Editor’s Note: Quite often we hear testimonies of how people come from unbelief to faith and from atheism to belief in God. However, in the last several years I noticed the opposite tendency taking place in Slavic Evangelical churches in North America. Youth and young adults are leaving churches and actually making a journey from faith in Christ to atheism. Yuriy Stasyuk has a Slavic background. He comes from a devout Christian family with a long line of ministers. He immigrated to the United States from the former USSR together with his parents. Yuri received his education in the United States. Through this interview, I wanted to find out why Yuri is now an atheist and what was his journey from faith to atheism like.
Yuriy, thank you so much for agreeing to talk and discuss issues of faith and atheism and your personal journey from faith in God to unbelief. First, tell me a bit about your background. Tell me about your family and childhood. How did it happen that you and your family ended up in the United States?
Oleg, first off I would like to express my gratitude for the opportunity to participate in this dialogue. My hope is that it will serve as a productive and insightful discourse for both of us, as well as the readers. Now, onto my background: I was born in Ukraine, into an devout Evangelical family with deep roots into Slavic Christianity. Both of my grandfathers were ministers. This mantle was passed to my father and his brother, who are also pastors. While we lived in the Ukraine, my father was an itinerant evangelist and director of evangelism at the largest association of Protestants in Ukraine. This often led him to leave our family for weeks at a time as he traveled on evangelistic trips, though sometimes, I would join him on local preaching trips. So, even as a child, I was already involved in missionary work. Eventually, when I was seven we moved to the United States to seek better life and enable my dad to minister at a local church and spend more time with his family.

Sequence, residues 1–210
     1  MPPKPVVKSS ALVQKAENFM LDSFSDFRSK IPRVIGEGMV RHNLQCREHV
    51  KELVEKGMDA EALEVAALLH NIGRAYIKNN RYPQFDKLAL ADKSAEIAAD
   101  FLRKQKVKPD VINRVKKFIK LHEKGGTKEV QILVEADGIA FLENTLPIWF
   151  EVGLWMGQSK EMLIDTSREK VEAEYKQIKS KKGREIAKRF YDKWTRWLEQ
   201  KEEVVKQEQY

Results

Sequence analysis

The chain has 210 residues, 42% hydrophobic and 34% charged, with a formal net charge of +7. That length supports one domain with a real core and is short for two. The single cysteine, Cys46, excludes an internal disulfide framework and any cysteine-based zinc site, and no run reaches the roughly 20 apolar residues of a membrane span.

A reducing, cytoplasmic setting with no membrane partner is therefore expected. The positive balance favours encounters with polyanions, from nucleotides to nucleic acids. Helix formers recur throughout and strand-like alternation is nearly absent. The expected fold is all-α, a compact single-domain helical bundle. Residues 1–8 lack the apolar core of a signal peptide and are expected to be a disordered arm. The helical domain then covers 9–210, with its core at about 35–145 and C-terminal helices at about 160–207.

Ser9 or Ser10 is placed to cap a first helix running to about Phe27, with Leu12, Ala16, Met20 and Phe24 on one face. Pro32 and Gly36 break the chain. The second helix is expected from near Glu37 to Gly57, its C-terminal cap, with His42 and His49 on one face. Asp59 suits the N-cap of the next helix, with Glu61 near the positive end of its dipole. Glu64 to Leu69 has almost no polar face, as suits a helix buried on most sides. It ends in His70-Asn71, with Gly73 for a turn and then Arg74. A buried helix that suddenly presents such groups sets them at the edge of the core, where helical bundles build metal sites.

How did you come to Christ? Which church and denomination did you join? Do you remember that day? What did your conversion mean to you back then? Did you embrace Christian faith willingly and consciously or was it more like passing of the torch from your parents? Was Christian faith an entirely new and life-changing path for you?
I had quite a tumultuous journey. I spent my childhood and teenage years being a reluctant Christian. I wanted to be moral enough to make it to heaven without having to give up my worldly affections (sports, television, reading novels, playing video games). At the age of 17, I was baptized at my Slavic Evangelical Pentecostal church and, while I sincerely believed in the existence of God, the veracity of the Bible, and the deity of Jesus, I wasn’t very devoted to my faith and continued living with one foot in the world. I was frequently told that I would become a preacher, but I hated that idea and wanted nothing to do with church or ministry.
Yet, at the age of 18, during a severe bout of the flu, I began to seek God more intimately. I still remember that moment, I was laying in my bed, wishing to be healed, so I decided to search the Scriptures in hopes of finding something to help my prayer. As I began to read the words of Isaiah, something profound happened. I felt pierced at the heart. I felt as though God was actually speaking to me through the Scriptures. I was overwhelmed with a sensation that the God of the Bible actually knew my name and wanted to speak to me. All my hopes of being healed were forgotten. The only thing I wanted was to know and honor this God. A year later, I was a youth minister, preaching regular sermons, leading worship, conducting numerous bible studies, and hosting prayer meetings.
However, my journey was not complete. Because of my Pentecostal background I was constantly pursuing perfect “holiness” and, as a result of failing, I was often questioning my identity as a Christian. After a few years of struggling with this, I accidentally discovered the sermons of John Piper and his passionate preaching eventually led me to reevaluate my Pentecostal doctrine.